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Jamestown Revival

Utah

(Wild Bunch; US: 11 Feb 2014; UK: 11 Feb 2014)

Two Friends Take On a Roots Revival

Jamestown Revival, it’s all in the name. The L.A.-based duo of Texans Jonathan Clay and Zach Chance place serious emphasis on the latter half of their moniker, their ambitions extending beyond music and into their lifestyles. Well, at least that’s what their website makes it sound like; to quote directly from their bio page (which might be more properly described as a mini-manifesto): “Jamestown Revival is more than music. It’s an idea, and it’s a movement. It’s grass roots, and it’s back porch. Our strength is in numbers, but our individuality is ever present. We appreciate the simpler things, and we know where we came from. We value timelessness over trendiness, and quality over quantity. We are Revivalists…” I so wish that those italics and ellipses were editorializing on my part—because they come across as mystical and hippie-dippie and that is exactly what Jamestown Revival is not.


The point here is: don’t hold that against them. (For that matter, don’t hold their participation in Rolling Stone’s inaugural (and final, it seems) “Do You Wanna Be a Rock & Roll Star” 2011 contest against them either.) The fact is that Jamestown Revival rises above the hype—either generated by themselves as so-called “revivalists” or by Rolling Stone’s abortive contest—with a hearty blend of influences from their home state and elsewhere, ranging from Guy Clark to Stevie Ray Vaughan to Gram Parsons. With this wonderful blend of Texas roots rock and L.A. country, Jamestown Revival has been blessed with the ability to lullaby the listener with one song (the soft-stepping “Medicine”) before pulling a sonic punch with the next (“Headhunters”, as much a companion to Ryan Adams’ “To Be Young (Is to Be Sad, Is to Be High)” as I’ve ever heard). Who cares whether or not all this “revival” talk is an actual directive to their listeners or just simply an elaborate PR move? Either way, this is a damn good album.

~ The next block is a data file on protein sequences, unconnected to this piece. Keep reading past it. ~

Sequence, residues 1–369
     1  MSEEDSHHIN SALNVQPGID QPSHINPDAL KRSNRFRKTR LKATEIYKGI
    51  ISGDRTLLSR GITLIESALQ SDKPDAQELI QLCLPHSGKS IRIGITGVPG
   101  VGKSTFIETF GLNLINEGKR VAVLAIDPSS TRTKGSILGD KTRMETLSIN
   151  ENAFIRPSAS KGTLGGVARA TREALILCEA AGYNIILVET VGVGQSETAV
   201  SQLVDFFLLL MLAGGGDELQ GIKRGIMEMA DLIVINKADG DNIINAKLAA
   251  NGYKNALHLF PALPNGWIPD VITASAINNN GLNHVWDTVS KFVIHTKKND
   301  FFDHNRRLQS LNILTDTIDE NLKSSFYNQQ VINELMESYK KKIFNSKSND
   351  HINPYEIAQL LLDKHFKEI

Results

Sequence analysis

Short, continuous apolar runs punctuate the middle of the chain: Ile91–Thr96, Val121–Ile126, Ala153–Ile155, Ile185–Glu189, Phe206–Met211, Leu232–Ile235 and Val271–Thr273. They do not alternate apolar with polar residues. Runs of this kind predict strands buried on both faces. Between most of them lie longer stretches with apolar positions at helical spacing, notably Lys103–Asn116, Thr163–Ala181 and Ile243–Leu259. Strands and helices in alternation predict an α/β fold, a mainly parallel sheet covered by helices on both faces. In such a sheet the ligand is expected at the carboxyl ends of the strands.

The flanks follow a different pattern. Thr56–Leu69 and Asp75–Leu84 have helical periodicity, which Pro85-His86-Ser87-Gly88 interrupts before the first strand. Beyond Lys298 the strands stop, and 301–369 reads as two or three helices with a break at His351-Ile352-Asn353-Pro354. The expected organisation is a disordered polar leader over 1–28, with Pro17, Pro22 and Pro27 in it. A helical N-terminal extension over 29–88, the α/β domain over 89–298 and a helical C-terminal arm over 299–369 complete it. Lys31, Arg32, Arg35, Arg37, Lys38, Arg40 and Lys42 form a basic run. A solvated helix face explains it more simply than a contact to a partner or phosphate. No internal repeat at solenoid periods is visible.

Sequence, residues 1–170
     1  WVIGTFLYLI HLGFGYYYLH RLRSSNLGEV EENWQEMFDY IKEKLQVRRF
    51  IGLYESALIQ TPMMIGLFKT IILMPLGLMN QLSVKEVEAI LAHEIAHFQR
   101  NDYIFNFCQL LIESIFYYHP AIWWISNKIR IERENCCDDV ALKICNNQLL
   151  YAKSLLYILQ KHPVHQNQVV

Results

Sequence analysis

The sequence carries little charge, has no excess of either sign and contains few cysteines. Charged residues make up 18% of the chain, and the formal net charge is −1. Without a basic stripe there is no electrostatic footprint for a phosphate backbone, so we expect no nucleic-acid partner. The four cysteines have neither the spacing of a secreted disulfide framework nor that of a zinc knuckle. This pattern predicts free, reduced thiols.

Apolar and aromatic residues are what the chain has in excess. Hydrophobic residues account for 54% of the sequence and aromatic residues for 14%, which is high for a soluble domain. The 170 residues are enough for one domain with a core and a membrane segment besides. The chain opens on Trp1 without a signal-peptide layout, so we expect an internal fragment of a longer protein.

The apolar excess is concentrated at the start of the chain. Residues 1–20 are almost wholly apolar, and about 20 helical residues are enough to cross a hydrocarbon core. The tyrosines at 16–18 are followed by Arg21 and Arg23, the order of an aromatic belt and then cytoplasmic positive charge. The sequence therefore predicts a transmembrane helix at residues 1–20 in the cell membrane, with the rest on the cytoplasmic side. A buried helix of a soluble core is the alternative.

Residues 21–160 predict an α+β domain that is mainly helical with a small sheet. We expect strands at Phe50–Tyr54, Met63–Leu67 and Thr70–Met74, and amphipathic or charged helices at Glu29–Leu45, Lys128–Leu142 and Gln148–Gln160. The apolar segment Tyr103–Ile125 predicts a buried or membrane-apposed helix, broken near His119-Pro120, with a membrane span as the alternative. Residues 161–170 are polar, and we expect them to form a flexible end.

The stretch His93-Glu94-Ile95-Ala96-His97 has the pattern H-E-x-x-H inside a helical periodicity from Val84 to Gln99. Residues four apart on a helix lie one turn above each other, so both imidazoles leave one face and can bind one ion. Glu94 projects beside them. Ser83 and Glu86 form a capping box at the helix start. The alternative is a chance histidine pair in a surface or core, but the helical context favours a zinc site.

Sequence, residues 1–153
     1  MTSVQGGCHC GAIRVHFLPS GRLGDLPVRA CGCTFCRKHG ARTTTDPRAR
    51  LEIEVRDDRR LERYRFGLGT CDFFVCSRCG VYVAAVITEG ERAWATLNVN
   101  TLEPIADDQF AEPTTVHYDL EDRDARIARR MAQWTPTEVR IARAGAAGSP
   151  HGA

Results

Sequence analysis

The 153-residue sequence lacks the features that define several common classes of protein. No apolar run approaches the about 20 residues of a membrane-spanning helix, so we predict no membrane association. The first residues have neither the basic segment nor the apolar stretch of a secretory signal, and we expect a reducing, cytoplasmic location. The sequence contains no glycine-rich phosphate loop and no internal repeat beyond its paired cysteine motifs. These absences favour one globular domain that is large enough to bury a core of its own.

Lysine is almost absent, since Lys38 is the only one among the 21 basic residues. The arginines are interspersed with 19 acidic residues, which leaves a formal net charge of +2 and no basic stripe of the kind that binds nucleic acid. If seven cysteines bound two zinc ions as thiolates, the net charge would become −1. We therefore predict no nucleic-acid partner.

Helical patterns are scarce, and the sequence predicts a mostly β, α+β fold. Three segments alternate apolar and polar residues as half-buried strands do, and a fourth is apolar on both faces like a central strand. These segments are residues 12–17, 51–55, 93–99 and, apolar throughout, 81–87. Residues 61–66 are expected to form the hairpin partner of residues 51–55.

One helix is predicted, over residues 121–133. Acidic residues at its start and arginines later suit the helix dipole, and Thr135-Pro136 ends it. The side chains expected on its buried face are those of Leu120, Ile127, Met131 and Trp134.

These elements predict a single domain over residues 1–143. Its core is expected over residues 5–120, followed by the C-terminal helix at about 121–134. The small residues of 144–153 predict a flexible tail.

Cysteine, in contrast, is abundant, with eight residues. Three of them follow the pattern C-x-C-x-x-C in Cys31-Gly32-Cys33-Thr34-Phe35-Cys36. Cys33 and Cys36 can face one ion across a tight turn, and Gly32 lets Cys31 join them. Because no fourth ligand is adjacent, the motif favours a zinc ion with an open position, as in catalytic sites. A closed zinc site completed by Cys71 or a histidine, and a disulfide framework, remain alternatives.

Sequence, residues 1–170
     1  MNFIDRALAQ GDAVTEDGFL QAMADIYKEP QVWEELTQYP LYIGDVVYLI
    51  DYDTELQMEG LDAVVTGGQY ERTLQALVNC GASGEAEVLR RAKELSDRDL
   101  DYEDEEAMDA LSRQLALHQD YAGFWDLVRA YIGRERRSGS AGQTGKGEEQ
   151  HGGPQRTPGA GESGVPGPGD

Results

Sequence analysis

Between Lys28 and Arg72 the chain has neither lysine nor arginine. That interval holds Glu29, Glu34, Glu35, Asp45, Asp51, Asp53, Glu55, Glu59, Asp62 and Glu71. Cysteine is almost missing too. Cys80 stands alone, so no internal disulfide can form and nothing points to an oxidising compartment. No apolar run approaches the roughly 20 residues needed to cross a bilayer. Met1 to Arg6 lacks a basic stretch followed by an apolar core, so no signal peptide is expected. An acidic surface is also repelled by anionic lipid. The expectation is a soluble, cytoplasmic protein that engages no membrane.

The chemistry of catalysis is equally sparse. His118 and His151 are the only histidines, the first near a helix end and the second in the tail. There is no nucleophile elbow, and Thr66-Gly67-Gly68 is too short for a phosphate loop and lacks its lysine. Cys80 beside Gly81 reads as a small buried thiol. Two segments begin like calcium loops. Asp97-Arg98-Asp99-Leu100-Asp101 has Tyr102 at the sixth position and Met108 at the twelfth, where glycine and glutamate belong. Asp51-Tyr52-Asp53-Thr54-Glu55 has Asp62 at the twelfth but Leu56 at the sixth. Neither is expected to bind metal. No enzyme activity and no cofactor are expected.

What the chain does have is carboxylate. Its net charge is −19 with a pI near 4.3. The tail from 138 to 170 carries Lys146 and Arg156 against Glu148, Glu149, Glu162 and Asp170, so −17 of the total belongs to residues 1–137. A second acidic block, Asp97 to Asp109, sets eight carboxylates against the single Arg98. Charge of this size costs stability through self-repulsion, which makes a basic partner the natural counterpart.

The most striking thing (among several) about this duo is how gloriously in sync with one another they are. Their harmonies are reminiscent of the Milk Carton Kids, who deploy their vocals with such exactness of tone and cadence that it’s often hard to figure out who is singing what. Clay and Chance manage to sing with similar effect, their tenor voices mixing together so well that it’s hard to pick them apart. When it comes to songs that might fall a little flat sung solo, such as “Heavy Heart”, they can provide an emotional center for the listener to follow.


Influence-wise, Jamestown Revival is all over the place, incorporating everything from soul (“Revival”) to Dixie-fried country (“Wandering Man”), but two influences loom large. One of those is Neil Young, whose sound sneaks into songs like “California (Cast Iron Soul)” and who is even openly acknowledged on “Home” (“I spent a good time killing time / been a miner for a heart of gold”). Another is the aforementioned Ryan Adams, whose rock ’n‘ roll ambitions wonderfully colored early records like Heartbreaker and Cold Roses (ignoring, of course, the infamous New York Dolls reference on “Beautiful Sorta”). Jamestown Revival hits the nail on the head in that regard, turning out a collection of songs that truly lives up to the country-rock label, confidently toeing the line between genres.


The album even has everyone’s favorite recorded-in-a-cabin-somewhere anecdote attached to it, with Clay and Chance retreating to a cabin in the Wasatch Mountains of Utah (hence the album title). While the environment doesn’t bleed into every track, there are hints here and there that lend to the general ambiance, like the bird calls at the start of “Heavy Heart”. More than anything, there’s just a sense that this material has been worked over and over to be as tight as it sounds—and it sounds pretty damn good.

Rating:

Taylor Coe currently works in academic publishing and spends most of his free time trolling the Internet for music and film reviews, along with digesting unhealthy amounts of television. He has an affinity for Townes Van Zandt and other like-minded Texan singer-songwriters, not to mention a borderline-worrisome obsession with the Scottish band Frightened Rabbit. In the ninth grade, his most-played song of all time may or may not have been "Rich Girl" by Hall & Oates. Years later, he finds this somewhat embarrassing - which is not unlike his feelings for lots of other things about ninth grade.


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